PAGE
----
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When it comes to running ads online, it’s important to understand how they’re performing from top to bottom. The only way to understand their performance is to know how to measure it. In this article, we’re going to discuss 6 metrics that help you measure your PPC ad campaign performance. The metrics we’re going to break down are:

  1. CPM – Cost per Thousand
  2. CPR – Cost per Result
  3. CPC – Cost per Click
  4. CTR – Click-Through Rate
  5. CVR – Conversion Rate
  6. CPA / CPL – Cost per Action or Cost per Lead

By the end of this article, you will be able to measure your campaign’s performance and understand how to optimize your campaigns and cull ads that are underperforming.

#1) CPM – Cost per Thousand

Known as CPM (cost per mille), CPM is a metric that allows you to understand how expensive an audience is to advertise to – or serve your ads to. It’s a widely used advertising metric used in internet marketing and conventional ad media such as print and TV ads.

Since ads are usually served to larger groups of people, rather than a few individuals, it is used to understand the cost of advertising to a sample of 1000 people.

Not quite

The term actually refers to the number of impressions served. The same person seeing the ad twice would account for 2 impressions.

A CPM of $2.00 would in turn mean that it costs $0.002 per person ($2.00/1,000). This helps to understand the demand for advertising to a particular audience.

How does CPM apply to me?

Assuming you will generate the exact same number and quality of leads from an audience with a higher CPM, than a lower CPM…

You would want to advertise to audiences with a lower CPM of course. That way you can serve more impressions of your ad, to the same sized audience at a lower cost.

This isn’t always the case. In markets and industries, where CPM is independent from lead quality and quantity, ROI, etc. you would be better off advertising to the lower CPM pool. However, CPM obeys the law of economics. As mentioned earlier, CPM helps to determine the demand of advertising to particular demographics and locales.

For instance, advertising to people in metropolitan areas will likely command a higher CPM than people in rural areas. This could be due to a number of reasons, but there are more consumers in densely populated areas and more businesses looking to capitalize on these nearby consumers.

The heightened demand for the limited advertising opportunities in these areas will effectively drive up the prices.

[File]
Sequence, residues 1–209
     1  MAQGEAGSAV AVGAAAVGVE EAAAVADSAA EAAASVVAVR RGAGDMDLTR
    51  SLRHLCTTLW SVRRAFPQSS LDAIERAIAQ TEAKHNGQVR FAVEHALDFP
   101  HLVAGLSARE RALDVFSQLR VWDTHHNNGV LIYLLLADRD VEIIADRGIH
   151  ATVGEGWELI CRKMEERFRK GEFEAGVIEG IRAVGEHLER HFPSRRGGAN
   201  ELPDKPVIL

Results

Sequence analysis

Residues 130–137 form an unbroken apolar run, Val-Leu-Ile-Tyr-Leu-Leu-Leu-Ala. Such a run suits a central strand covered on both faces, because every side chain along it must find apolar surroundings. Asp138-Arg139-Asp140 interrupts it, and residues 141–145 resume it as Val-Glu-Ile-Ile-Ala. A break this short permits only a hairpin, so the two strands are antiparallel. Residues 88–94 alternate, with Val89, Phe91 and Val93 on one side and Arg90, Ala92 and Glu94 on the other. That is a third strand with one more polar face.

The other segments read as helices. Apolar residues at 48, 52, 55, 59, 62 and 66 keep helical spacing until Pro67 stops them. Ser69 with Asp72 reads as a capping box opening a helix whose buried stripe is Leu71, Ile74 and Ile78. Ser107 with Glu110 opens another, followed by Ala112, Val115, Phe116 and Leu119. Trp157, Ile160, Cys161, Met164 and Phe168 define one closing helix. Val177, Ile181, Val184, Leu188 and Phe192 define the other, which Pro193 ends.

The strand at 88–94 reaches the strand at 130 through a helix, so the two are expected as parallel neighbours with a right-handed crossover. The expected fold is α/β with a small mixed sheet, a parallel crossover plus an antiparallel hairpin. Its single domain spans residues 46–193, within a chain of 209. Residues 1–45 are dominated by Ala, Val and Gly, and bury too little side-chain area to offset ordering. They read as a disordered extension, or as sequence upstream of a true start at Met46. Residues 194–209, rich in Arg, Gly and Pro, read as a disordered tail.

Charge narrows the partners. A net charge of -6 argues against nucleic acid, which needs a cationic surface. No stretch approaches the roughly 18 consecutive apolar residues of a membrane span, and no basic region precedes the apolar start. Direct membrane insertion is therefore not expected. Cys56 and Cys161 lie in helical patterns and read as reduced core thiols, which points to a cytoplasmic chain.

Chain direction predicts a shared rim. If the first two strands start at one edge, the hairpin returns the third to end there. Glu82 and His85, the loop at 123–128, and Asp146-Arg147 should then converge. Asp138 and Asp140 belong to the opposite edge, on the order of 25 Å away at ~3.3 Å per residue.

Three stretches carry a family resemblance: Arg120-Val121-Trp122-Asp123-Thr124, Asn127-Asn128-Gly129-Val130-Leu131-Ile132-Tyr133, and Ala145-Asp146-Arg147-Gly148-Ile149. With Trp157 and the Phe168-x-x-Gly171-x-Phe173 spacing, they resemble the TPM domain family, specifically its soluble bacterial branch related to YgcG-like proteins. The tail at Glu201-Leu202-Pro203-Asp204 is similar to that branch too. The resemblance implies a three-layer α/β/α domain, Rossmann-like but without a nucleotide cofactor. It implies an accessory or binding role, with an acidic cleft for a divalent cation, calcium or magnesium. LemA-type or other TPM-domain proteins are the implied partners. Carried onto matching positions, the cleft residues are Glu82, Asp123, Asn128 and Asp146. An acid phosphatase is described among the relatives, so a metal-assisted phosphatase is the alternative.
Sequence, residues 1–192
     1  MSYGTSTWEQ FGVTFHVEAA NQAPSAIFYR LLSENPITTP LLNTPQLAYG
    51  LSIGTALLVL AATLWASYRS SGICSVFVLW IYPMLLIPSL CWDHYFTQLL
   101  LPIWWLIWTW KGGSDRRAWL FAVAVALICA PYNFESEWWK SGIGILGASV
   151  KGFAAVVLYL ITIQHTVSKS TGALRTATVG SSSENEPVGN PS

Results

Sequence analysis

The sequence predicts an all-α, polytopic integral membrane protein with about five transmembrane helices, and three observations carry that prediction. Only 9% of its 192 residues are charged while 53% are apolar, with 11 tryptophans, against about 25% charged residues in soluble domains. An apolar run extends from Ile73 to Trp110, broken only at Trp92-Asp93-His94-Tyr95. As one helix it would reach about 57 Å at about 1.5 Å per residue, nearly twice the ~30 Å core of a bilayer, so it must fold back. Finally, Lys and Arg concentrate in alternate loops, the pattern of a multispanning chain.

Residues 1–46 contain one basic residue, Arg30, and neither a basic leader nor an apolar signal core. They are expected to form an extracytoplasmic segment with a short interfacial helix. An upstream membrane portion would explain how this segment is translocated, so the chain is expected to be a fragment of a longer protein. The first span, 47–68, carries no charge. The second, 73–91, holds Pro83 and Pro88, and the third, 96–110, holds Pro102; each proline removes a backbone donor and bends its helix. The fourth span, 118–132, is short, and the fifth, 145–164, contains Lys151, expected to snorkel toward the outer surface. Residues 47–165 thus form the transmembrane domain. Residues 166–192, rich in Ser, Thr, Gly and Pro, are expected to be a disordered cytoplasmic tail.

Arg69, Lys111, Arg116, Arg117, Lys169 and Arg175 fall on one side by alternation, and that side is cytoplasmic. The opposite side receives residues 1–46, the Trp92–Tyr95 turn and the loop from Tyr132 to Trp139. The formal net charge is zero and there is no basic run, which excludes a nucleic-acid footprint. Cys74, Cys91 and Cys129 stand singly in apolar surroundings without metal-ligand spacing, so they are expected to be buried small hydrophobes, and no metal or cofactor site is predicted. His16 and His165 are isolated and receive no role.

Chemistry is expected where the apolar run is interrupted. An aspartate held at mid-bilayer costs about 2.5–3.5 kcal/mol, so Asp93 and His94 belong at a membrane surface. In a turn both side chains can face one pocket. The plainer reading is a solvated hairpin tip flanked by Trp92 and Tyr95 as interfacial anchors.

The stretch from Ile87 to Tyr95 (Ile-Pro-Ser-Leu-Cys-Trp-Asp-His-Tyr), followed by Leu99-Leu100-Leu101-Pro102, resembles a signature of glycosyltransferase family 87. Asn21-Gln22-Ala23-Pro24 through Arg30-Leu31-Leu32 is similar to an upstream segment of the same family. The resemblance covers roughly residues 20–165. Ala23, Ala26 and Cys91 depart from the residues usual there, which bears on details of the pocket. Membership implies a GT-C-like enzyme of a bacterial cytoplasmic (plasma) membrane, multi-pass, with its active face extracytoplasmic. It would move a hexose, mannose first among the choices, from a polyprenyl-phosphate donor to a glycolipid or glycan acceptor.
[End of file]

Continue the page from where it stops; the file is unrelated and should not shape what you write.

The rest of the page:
Does CPM apply to PPC and Online Ads?

CPM applies to PPC ads all the same.

In fact, it can help to understand the type of audience you have build online and how difficult (or costly) it may be to try to reach a certain set of people.

Here’s an image taken from one of our Facebook Ads accounts. We’re running a campaign to a costly set of audiences – from a CPM perspective. Our three audiences have CPMs ranging from $8.24 – $11.80.

Understand CPM’s Priority and Significance

It just so happens that our audience with the lowest CPM is also yielding the best results. However, in our case, the overall objective is to get the most people to watch our video ad as possible.

As a result, our first audience with the cheapest CPM is the best. If we had two audiences yielding the same results, then we could choose to cut the audience with the highest CPM – all else being equal.

#2) CPR – Cost per Result

Cost per Result is exactly as it sounds. It’s one of the more flexible metrics, yet one of the most critical.

It requires you as the advertiser (or the business running the ads) to define what a result is. You could define it as one of the other 5 metrics, but there isn’t much point, since they already have their own acronyms.

Instead, it’s better to only use CPR when you need to (no pun intended) and when the result is a KPI (Key Performance Indicator) that you can extrapolate from the data, but doesn’t have its own widely accepted term.

How to Define the ‘Result’ and How to Use it?

Here’s another example from the Facebook Ads account. Using this example, we wanted to run our ad across several different audiences and determine which audience is producing the best bang for our buck.

That way, before we invest a lot of ad spend into our campaign, we want to invest a small amount of money and some time into determining which will produce the most results for us at scale.

Amount Spent: Far Left Column
CPR = Video Watches at 75%: Far Right Column